Using this skill as a fundraiser means tuning in on all those levels when in conversation. It’s is a core skill to create connection and deepen a relationship.
2. Donors are Whole and Complete – Just The Way They Are
The primary building block for all relationships with donors (or anyone else) is this: they are whole and complete – just the way they are.
When we see a lot of dread in our fundraisers, sometimes the absence of this building block is at heart: they don’t trust their donors to be honest or say a clean no if no should be the answer for that donor. Then, they worry that the donor will avoid them or be seen as pesky or aggressive somehow.
Here’s something worth remembering: There is nothing wrong or broken with your donors, and there is no need to “convince” or “persuade” them of anything. Your job is to trust them to be in choice, either that they want to be part of your work – or that they don’t.
You do not have to deliver a pitch. You do not have to tap dance. On the contrary, your role is to ask powerful questions that invite possibilities. And to see your donors as having the ideas and values, they need to be collaborators.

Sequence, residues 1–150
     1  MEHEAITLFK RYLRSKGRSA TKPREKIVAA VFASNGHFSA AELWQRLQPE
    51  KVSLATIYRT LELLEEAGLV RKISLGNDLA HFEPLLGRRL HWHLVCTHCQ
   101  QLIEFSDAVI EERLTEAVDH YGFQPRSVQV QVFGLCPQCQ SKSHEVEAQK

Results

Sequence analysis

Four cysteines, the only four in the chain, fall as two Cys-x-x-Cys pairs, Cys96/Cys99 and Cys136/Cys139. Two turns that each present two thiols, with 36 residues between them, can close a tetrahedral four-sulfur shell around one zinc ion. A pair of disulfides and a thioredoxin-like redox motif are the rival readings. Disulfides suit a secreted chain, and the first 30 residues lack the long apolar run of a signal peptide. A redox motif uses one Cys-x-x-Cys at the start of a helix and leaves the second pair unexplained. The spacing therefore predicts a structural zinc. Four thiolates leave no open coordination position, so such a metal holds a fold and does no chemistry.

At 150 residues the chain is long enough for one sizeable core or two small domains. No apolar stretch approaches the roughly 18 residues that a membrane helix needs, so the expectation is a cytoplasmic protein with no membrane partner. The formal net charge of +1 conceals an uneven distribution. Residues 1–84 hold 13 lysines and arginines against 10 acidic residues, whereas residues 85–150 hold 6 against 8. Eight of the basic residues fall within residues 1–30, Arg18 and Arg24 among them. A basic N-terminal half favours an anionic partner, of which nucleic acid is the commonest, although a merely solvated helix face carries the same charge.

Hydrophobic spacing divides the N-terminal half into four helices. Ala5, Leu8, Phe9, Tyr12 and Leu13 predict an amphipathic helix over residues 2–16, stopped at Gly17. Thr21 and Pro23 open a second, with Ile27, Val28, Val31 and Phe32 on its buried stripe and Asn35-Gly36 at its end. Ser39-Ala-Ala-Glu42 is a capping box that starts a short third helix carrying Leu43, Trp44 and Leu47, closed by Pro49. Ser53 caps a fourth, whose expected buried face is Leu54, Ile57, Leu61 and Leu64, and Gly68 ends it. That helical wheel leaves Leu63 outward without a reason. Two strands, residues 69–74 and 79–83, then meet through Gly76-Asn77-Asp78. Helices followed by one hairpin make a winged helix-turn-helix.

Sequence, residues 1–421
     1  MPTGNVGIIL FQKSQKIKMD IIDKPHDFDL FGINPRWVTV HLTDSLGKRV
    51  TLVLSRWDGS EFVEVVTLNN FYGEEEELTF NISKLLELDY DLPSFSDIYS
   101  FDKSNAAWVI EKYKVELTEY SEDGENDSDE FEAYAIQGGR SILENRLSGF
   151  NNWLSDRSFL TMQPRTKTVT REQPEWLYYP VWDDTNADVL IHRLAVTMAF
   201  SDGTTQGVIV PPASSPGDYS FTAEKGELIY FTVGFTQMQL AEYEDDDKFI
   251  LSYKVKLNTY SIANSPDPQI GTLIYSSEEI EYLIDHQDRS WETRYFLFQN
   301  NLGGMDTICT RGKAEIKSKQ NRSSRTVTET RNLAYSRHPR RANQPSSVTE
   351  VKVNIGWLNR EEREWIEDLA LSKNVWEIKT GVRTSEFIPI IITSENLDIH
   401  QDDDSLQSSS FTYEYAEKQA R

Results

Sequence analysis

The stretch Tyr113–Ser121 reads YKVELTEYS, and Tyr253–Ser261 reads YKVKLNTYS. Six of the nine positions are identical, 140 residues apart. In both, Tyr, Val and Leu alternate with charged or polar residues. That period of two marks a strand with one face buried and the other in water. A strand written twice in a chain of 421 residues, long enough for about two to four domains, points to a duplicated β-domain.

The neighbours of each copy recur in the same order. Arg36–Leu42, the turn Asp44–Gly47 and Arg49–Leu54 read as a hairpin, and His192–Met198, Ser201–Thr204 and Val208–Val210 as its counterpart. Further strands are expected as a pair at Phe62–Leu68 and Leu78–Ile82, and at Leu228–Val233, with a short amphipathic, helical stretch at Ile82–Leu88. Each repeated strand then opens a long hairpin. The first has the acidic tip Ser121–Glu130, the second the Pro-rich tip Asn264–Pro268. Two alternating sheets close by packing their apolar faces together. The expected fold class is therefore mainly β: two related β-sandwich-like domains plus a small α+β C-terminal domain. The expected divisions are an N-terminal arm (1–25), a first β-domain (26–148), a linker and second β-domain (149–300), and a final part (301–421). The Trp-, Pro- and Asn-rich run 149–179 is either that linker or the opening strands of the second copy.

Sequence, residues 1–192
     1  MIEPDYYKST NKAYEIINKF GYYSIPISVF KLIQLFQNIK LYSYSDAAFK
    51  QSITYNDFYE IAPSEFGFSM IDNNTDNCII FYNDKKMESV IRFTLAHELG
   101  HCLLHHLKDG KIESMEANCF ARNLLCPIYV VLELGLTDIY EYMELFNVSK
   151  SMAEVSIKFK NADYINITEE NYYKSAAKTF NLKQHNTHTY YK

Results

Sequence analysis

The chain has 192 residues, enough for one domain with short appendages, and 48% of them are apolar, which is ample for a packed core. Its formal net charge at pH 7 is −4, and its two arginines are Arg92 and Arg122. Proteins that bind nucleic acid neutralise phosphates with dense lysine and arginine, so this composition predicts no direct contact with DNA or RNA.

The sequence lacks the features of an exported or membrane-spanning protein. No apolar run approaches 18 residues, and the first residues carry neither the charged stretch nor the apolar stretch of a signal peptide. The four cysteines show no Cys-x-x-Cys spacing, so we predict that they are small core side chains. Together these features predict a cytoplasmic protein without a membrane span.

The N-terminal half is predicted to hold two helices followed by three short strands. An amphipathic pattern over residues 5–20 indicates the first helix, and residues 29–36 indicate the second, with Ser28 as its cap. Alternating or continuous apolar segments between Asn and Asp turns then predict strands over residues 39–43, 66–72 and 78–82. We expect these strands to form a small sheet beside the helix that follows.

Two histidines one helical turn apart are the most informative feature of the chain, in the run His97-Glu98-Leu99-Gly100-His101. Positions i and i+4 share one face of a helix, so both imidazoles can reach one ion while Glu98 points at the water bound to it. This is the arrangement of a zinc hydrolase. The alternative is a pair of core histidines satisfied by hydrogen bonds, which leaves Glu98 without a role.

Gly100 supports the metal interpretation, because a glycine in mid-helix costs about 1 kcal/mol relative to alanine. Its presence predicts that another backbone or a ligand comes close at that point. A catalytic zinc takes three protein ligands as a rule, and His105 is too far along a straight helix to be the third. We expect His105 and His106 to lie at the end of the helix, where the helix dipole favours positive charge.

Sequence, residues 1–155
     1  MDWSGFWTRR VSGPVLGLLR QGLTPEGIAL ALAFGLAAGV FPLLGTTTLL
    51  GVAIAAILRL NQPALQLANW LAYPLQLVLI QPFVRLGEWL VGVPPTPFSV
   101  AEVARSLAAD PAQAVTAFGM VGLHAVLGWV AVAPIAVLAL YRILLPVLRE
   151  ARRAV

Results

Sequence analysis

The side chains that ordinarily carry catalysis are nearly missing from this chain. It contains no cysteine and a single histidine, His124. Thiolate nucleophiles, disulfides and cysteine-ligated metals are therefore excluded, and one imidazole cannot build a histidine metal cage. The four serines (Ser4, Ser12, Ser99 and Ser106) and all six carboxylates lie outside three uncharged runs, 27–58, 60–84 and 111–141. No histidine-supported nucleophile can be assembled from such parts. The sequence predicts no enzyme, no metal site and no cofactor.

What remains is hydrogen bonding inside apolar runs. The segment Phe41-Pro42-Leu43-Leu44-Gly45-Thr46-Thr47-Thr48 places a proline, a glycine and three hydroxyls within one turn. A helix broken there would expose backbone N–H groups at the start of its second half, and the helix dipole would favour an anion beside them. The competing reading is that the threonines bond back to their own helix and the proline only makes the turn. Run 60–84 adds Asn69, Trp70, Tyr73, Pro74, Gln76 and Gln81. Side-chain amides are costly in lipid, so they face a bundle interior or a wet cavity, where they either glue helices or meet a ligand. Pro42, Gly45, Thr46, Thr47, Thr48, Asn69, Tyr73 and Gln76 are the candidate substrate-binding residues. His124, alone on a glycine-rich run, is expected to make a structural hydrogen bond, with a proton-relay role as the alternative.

At Fundraising Leadership, we believe that extraordinary fundraising stands on the foundation that donors are naturally creative, resourceful, and whole. Together with the fundraiser, they can co-create opportunities that support the organization’s needs and donors’ desires.
When fundraisers ask powerful questions that allow donors to reveal what they love and fear, what motivates them, and what holds them back…then magic happens.
When donors choose a project that inspires them, they follow through with action and larger gifts than the fundraiser would never have imagined.
3. Dance in the Moment, also known as “Agile and Nimble Are Better than Stiff and Scripted”
Fundraisers have a choice: to be stiff and scripted or be agile and nimble.
Sometimes we believe we need all the answers. We must be an expert, leading to inauthentic canned responses rather than determining what donors want.
When fundraisers are agile and nimble, they listen. They dance in the moment. They go underneath the words a donor may be using. They go beyond content or logic.
By all means, be prepared – prepared to be flexible. Use those listening skills described above. Hold that your donors are capable of creativity and resourcefulness. And trust yourself as a fundraiser to respond to what IS rather than how you HOPED the conversation would go.
When a fundraiser is open and flexible (instead of closed and stiff), they stay present. They adjust to the conversation. This way of being calls for a willingness to drop any plans and to accept ambiguity or uncertainty.